Last Updated: 05/31/2012*
The latest in event in the Security & Defence Agenda’s Cyber Initiative quickly made one thing clear — Cyber-security has hit the mainstream.
No longer a subject on periphery of the average policymaker’s understanding, SDA Director Giles Merritt remarked that that past year has seen an explosion of “real and concrete political, diplomatic and industrial policy making, international discussion and action.”
As the recommendations of the recently published Executive Summary to the 2012 Security Jam have made clear, actionable strategies in the area of cyber-security are no longer purely theoretical. The challenge instead is to make these actions as effective as possible between international actors and across sectors. Read more...
Q&A with Jeff Snyder
|Jeff Snyder, Raytheon Vice President of Cyber Programs, describes today’s cyber threat and the layered approach necessary to address it on a Security and Defence Agenda panel|
Cyber threat is stealthy, real-time and changing rapidly
Jeff Snyder, Raytheon’s vice president of Cyber Programs, describes today’s cyber threat, its implications for government and industry, and the layered cyber-security approach necessary to protect critical infrastructure and economic viability. Joined by cyber experts from EUROPOL, the U.S. Department of State, European External Action Service and the European Commission, Snyder discussed these and other cyber-security matters at a Security and Defence Agenda debate in Brussels on the topic of “International cooperation on cyber-security.” The debate’s discourse, in response to the SDA’s recently released report, “Cyber-security: The vexed question of global rules,” centered on how international organizations can address cyber-security threats through technology and policy.
What does today’s cyber-security threat look like?
Today’s threats are very complex, stealthy, real-time and persistent. The threat is changing very rapidly, and it will be increasingly difficult to detect and mitigate. From the insider threat to the external advance persistent threat (APT), coupled with the increased risk associated with mobile platforms and cloud environments, the threats to critical infrastructure, businesses and economic viability are growing.
What implications does this have for governments, businesses and industry?
Our discourse at the Security and Defense Agenda debate made one thing clear: there is a sense of urgency to get things done, and, in the cyber domain “we are only as strong as our weakest link.” The threat changes rapidly, so there is an increased need to generate and implement solutions quickly, particularly those that can be more predictive in nature. Collaboration from a global perspective is imperative to minimize duplication of investment effort, share best practices and create technologies that will combat the growing set of cyber threats.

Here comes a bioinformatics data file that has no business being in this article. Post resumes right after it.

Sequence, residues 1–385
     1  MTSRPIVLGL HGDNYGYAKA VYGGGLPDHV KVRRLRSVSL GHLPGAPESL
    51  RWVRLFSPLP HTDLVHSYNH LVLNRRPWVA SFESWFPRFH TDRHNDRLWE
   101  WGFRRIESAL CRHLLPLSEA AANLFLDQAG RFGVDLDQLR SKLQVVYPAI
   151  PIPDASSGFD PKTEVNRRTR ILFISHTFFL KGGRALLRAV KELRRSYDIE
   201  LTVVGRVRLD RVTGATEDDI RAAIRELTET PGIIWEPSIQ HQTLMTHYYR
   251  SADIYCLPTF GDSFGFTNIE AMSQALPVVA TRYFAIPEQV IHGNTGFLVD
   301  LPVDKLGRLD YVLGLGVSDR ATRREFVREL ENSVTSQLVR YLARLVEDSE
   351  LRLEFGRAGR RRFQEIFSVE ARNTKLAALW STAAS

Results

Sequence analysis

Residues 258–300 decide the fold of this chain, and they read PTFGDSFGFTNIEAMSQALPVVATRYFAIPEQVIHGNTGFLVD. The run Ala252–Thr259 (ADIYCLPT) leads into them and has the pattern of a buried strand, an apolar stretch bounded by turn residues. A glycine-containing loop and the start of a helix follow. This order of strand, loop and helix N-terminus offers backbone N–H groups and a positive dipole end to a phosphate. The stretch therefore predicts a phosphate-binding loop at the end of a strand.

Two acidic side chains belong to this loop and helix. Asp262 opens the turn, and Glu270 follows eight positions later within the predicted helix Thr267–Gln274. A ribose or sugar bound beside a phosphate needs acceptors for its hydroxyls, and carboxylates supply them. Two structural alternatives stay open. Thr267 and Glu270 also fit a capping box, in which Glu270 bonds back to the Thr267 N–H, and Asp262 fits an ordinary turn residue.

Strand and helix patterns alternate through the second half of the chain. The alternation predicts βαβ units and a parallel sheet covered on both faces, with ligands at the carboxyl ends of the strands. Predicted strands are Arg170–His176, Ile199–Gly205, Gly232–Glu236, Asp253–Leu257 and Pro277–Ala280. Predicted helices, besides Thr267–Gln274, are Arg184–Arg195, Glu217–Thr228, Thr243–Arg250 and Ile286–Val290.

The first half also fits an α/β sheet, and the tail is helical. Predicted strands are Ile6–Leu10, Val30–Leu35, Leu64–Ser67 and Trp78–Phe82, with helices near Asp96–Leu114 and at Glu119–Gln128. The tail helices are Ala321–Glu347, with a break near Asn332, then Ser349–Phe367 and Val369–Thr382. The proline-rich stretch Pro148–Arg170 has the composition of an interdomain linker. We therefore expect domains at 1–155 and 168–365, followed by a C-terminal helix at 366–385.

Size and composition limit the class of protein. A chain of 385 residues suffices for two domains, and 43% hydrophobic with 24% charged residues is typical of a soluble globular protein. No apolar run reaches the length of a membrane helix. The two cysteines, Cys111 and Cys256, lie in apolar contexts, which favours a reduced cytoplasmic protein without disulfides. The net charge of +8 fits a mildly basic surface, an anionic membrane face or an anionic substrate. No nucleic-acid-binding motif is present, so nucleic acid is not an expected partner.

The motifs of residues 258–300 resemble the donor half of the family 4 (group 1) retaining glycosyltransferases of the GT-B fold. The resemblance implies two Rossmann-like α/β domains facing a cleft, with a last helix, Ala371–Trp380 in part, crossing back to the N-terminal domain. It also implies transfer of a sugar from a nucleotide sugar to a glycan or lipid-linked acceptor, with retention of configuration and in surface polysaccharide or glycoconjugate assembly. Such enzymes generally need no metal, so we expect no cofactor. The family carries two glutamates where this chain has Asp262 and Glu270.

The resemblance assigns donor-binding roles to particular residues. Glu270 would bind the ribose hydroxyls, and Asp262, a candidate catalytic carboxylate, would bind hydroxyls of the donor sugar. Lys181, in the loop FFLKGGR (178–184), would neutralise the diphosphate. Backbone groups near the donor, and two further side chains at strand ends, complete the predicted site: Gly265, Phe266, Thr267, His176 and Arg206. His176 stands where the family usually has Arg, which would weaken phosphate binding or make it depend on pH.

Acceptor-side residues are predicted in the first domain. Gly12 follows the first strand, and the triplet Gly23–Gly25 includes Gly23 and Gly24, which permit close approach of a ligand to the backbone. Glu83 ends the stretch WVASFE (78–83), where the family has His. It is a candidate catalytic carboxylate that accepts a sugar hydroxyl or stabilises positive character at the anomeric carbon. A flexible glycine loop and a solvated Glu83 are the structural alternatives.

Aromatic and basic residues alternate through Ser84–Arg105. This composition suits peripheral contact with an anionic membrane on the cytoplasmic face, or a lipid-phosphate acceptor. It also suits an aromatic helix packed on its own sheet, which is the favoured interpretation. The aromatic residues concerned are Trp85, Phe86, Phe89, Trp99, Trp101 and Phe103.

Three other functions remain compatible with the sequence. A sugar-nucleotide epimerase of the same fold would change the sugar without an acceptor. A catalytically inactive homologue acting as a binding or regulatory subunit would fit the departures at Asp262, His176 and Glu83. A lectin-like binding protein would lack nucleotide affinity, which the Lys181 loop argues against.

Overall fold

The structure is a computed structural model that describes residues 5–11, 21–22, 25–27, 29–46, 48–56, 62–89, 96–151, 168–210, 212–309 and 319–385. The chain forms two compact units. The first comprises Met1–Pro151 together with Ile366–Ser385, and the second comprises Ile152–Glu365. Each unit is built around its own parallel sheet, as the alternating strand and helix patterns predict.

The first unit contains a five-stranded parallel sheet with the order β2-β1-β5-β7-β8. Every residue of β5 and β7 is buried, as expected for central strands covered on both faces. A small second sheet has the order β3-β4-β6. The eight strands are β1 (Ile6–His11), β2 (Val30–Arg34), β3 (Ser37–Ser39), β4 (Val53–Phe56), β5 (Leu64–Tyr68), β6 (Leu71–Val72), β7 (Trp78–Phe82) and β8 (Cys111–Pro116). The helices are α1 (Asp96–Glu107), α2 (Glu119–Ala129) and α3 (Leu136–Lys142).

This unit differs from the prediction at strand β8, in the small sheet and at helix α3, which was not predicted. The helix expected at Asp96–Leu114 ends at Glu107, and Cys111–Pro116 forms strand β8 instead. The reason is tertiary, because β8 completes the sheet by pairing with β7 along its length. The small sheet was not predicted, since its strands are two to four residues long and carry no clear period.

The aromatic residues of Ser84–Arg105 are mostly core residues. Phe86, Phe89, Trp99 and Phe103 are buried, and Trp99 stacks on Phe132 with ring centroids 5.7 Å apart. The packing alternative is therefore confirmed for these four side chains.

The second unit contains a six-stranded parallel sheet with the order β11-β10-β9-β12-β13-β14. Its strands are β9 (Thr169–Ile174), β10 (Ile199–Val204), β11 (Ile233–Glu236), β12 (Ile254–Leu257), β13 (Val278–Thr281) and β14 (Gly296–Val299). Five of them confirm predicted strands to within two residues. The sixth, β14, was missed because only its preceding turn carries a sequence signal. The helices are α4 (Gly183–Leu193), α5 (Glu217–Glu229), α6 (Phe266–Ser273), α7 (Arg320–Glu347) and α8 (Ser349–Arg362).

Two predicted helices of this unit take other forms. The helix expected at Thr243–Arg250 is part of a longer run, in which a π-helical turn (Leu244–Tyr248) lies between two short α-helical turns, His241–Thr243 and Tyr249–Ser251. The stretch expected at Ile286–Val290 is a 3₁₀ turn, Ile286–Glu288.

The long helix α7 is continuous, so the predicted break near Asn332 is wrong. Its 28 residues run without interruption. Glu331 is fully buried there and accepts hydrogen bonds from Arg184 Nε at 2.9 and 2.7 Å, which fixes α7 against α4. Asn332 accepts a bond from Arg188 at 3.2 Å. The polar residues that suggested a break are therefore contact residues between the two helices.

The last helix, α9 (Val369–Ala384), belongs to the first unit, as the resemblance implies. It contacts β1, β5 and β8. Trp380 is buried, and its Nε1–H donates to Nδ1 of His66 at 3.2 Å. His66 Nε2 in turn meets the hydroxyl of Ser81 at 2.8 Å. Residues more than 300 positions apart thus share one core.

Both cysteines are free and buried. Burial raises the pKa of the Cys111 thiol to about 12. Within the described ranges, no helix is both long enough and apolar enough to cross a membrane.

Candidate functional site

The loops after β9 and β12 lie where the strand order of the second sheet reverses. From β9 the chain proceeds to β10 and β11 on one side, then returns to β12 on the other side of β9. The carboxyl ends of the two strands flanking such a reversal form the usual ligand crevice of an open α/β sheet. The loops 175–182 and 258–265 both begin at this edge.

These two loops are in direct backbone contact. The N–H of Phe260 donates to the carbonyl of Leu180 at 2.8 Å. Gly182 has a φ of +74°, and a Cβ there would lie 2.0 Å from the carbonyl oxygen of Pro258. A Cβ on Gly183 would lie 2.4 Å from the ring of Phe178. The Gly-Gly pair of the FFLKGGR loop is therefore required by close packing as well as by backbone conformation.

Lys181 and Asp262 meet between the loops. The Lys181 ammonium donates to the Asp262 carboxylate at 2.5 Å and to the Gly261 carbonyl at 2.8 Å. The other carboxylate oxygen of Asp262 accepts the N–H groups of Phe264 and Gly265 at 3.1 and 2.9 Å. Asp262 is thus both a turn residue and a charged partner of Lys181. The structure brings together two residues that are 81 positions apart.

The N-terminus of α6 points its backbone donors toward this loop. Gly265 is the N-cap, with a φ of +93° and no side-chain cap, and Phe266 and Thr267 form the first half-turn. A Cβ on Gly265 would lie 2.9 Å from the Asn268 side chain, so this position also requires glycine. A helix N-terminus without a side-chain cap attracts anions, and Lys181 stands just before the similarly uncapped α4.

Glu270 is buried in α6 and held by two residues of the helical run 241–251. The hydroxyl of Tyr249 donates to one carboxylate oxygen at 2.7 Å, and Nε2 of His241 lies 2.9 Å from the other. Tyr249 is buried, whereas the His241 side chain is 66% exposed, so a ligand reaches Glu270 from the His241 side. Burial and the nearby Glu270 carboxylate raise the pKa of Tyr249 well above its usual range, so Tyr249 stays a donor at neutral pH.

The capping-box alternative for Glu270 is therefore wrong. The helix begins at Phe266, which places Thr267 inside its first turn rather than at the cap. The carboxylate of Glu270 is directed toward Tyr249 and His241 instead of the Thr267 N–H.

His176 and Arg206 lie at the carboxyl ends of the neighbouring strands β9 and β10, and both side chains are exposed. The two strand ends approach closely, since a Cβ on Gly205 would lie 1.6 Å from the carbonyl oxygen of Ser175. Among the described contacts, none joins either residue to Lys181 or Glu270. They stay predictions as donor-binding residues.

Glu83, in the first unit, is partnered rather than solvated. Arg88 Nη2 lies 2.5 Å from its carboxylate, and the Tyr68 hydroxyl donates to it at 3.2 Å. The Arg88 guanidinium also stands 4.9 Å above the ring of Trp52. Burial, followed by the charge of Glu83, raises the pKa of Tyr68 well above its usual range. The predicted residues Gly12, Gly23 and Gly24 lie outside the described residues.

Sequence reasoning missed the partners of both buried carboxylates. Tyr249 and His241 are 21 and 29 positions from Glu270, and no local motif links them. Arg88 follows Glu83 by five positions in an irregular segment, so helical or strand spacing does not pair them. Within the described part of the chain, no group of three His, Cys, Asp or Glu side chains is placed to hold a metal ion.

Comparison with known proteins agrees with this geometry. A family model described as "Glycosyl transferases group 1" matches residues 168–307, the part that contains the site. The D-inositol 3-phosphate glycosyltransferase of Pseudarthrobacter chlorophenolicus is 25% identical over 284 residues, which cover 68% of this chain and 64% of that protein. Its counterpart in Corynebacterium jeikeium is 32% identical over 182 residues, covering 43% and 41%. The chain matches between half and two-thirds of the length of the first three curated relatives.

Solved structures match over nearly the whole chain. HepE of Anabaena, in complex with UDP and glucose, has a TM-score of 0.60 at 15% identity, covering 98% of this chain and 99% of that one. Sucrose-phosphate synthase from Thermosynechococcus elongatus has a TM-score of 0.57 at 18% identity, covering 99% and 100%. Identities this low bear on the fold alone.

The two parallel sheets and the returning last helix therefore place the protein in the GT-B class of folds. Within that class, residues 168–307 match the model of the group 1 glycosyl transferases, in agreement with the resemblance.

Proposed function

The European Union faces unique challenges in how to structure cyber-security solutions across many different countries with many different stakeholders. Since a cyber-security approach is only as strong as the weakest link, ensuring there are common security policies, complementary investments, and performance measures is essential. Cyber threat and intelligence information sharing is critical as well to exchange important cyber threat information and mitigation strategies across borders and agencies with some degree of anonymity to protect those sharing the information.
What should be done to address the growing cyber threats?
There is not one solution to the cyber-security problem; rather a “layered” approach will best protect against the growing cyber threat.
It starts on the perimeter. Intrusion detection sensors, firewalls and other tools are the first line of defense. This set of security solutions can protect against novice hackers, but additional measures are necessary to prevent more sophisticated attacks or those from BOTNETS or APTs. Recognize also that by the time a signature-based sensor detects an attack, it is likely too late - the infrastructure has already been compromised. There is currently investment to move from intrusion detection to intrusion prevention sensors. This objective to predict and block threats to better protect networks and infrastructure represents a sound initiative to better protect our global “perimeters.”
The next layer of a multi-faceted cyber defense rests with better securing nations’ software development practices and ensuring security through the supply chain. This is called supply chain risk management. Minimizing the number of exploitation vulnerabilities in software, hardware and firmware is critical, especially if importing these technologies across borders. Then, go beyond the software and supply chain protection mechanisms by integrating security at the processor level. Intel’s acquisition of McAfee is representative of this trend of a layered cyber-security approach.
Finally, we cannot forget the pervasive internal threat. Yes, external threats pose many risks, but remember that insiders have privileges and immediate access to networks and infrastructure. When one doesn’t have to circumvent the various cyber-security provisions described above due to ongoing access to the network, it is much easier to be mischievous or initiate malicious cyber activity. Proven technologies that monitor for unusual behavior can address this risk.
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